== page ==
This post was written by SLIS student Heather McMullin
Nigeria — the most populous country in Africa and the seventh most populous in the world1 — is an economic, literary and cultural powerhouse and there is a strong contingent of Nigerian students attending the U of A. Here are some fun facts you may not know about Nigeria:
Nollywood is the nickname for Nigeria’s film industry, which is second only to Bollywood for the volume of films it produces2. Curious to learn more? Emily Witt’s ebook Nollywood: The Making of a Film Empire, is a great place to start. We have the Nollywood film Half of a Yellow Sun available to borrow if you would like a sampling.
Many Nigerians are enthusiastic football fans. Basketball, cricket, and track & field are also widely enjoyed. You may be surprised to learn that Nigeria sent a female bobsled team to the 2018 Olympics, and just announced they’ll be sending 10 bobsled and skeleton athletes to Beijing in 20223. Also, the Nigerian Curling Federation was established in 2017 and sent its first team to the Worlds in 20194.
The capital of Nigeria is Abuja, but its largest city is Lagos: one of the biggest cities in the world and the most densely populated city in Africa5. Lagos has a lively festival scene, including:
- Lights, Camera, Africa!
- Lagos International Jazz Festival; and
- Eyo Festival – this is a masquerade event that showcases Yoruba culture and is also widely believed to be the forerunner to Brazil’s Carnival6.
Nigeria’s literary scene is vibrant and you can read the works of many Nigerian novelists, playwrights, poets and journalists in our collection. Check out Wole Soyinka, a playwright and novelist who won the 1986 Nobel Prize in Literature. His book The Burden of Memory, the Muse of Forgiveness, examines reconciliation and social healing. Chinua Achebe is well-known for his ground-breaking novel Things Fall Apart, but we also have dozens of other works by him in our collection. For a current examination of Nigerian society, take a look at journalist Adaobi Tricia Nwaubani’s work, which includes pieces written for the Washington Post about the Boko Haram kidnappings. We’ll be putting together an online book display of more Nigerian authors for you to explore later this month.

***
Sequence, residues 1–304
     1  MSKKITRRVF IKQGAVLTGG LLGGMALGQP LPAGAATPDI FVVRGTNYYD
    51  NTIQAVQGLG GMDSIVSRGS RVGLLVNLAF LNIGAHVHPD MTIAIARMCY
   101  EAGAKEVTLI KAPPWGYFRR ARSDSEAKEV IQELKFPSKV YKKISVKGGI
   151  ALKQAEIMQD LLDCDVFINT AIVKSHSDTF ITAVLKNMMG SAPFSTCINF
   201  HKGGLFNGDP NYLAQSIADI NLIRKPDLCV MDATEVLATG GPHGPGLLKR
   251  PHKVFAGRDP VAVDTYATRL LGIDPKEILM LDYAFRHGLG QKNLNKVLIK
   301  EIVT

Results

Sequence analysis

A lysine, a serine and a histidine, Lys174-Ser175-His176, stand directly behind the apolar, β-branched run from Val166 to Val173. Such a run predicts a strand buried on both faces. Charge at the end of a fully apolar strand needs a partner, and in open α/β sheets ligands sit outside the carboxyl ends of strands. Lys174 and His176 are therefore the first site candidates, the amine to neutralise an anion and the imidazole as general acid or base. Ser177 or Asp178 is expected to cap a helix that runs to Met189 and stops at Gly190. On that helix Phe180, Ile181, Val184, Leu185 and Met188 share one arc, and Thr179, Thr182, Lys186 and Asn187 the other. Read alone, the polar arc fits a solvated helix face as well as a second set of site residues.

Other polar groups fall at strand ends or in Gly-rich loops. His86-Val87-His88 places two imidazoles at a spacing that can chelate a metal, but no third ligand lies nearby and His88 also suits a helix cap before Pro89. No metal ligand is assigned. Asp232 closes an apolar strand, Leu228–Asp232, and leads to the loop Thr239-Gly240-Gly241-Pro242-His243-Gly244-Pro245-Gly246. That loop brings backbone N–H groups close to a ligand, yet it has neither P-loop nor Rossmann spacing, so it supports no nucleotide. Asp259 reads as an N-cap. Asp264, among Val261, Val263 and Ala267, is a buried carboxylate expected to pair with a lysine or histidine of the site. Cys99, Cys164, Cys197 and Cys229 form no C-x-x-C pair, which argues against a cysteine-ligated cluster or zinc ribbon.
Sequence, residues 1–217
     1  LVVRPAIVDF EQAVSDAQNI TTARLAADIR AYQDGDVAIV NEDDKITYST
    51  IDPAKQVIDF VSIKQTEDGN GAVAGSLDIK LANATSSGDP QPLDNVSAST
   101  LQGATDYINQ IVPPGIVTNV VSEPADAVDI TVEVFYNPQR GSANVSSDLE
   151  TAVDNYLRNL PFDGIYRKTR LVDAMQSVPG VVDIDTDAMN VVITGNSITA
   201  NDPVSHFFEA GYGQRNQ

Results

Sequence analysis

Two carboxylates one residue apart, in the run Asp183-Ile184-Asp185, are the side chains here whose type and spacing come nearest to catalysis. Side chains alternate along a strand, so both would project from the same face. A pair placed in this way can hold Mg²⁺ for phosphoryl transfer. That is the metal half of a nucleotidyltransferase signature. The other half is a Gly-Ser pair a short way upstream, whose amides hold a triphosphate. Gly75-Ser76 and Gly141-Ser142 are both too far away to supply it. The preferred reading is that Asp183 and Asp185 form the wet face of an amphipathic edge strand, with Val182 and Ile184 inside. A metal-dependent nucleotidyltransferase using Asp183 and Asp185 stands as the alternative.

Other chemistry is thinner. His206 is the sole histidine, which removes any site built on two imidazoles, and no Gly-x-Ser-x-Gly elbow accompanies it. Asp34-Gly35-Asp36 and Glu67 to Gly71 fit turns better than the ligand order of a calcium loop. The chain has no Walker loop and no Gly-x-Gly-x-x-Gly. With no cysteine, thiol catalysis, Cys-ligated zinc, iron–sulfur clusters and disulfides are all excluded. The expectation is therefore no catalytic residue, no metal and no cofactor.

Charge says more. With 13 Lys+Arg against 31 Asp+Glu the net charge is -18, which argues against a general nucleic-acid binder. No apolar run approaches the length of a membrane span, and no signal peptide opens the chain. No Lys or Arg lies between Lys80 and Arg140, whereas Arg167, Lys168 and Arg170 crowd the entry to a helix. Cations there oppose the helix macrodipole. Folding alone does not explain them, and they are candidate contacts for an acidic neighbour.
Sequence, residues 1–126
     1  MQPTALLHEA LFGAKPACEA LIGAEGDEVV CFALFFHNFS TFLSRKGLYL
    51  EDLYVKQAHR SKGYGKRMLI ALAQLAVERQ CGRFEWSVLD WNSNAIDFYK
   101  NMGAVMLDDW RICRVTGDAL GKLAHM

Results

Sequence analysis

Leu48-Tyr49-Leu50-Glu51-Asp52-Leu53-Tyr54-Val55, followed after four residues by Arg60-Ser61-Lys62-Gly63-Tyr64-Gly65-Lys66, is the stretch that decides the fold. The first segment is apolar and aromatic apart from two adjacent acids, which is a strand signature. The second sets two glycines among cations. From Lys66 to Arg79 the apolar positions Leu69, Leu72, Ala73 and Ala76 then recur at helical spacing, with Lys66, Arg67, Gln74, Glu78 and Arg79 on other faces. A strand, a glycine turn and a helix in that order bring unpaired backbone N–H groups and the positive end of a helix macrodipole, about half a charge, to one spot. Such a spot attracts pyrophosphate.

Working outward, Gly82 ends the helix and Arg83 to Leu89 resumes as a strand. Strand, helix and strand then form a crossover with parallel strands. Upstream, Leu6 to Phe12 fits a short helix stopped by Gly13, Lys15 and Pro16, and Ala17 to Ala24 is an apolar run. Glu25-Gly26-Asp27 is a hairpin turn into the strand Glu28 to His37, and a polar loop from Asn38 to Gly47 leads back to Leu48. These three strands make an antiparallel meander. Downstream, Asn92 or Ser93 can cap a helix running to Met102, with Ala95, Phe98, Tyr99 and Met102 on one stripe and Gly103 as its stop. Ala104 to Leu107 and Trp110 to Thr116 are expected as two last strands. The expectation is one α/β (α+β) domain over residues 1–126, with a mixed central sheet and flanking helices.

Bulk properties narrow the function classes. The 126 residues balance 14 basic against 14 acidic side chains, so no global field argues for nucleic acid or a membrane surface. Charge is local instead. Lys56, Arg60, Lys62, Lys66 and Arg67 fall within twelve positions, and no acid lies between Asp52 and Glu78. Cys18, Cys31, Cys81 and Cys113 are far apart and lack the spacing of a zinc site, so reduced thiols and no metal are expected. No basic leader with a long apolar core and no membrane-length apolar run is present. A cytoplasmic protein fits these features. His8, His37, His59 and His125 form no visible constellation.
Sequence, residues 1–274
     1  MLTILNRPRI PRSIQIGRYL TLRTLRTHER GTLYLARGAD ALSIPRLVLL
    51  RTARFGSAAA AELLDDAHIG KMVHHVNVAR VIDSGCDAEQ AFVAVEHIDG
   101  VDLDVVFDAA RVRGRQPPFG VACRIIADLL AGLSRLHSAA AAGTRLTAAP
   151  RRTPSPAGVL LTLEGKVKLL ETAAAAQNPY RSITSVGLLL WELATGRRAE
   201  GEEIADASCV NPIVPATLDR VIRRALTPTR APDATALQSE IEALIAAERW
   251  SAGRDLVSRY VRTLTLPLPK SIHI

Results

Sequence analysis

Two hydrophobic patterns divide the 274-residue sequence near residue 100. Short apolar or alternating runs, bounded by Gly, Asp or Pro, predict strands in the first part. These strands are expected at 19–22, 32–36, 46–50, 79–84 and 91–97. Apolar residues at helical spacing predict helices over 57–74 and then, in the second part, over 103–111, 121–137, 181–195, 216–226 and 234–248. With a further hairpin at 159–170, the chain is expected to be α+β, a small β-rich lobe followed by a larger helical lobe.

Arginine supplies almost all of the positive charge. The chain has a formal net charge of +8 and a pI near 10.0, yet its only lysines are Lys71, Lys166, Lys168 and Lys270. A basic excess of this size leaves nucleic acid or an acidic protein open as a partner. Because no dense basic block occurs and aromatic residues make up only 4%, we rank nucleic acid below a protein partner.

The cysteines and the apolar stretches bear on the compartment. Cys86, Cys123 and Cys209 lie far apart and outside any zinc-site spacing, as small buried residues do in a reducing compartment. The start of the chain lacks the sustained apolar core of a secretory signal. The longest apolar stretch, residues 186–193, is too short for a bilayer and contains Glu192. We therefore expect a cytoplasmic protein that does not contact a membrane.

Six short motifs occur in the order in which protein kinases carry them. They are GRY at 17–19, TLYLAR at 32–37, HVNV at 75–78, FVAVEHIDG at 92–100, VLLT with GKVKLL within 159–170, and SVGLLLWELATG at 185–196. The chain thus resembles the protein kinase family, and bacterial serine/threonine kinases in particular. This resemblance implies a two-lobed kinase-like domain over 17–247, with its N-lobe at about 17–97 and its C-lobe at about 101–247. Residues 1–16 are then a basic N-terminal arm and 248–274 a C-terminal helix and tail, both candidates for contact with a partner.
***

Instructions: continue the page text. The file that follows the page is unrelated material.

If you want to do more research about Nigeria, we can help! Here are some databases we recommend you start with:
- AllAfrica provides African news and information with daily stories in French and English;
- JSTOR’s World Heritage Sites of Africa includes visual, contextual, and spatial documentation of African heritage sites;
- Black Short Fiction contains stories and folktales by African, African American and Caribbean authors
Happy Independence Day to our Nigerian students on October 1st!
Thanks for the read! Like our blog posts? We invite you to subscribe to our newsletter (scroll down to the bottom right side of this page). Love us on the blog? Then you’ll love us on social media! Check us out at @uofalibrary on Instagram, & Twitter!
1 Campbell, J., & Page, M. T. (2018). Nigeria : what everyone needs to know®. Oxford University Press., p. 1
2 White, T. C. (2021). Nigeria. Salem Press Encyclopedia.
5 Nigeria. (2017). In M. S. Hill (Ed.), Worldmark Encyclopedia of the Nations (14th ed., Vol. 2, pp. 609-632). Gale.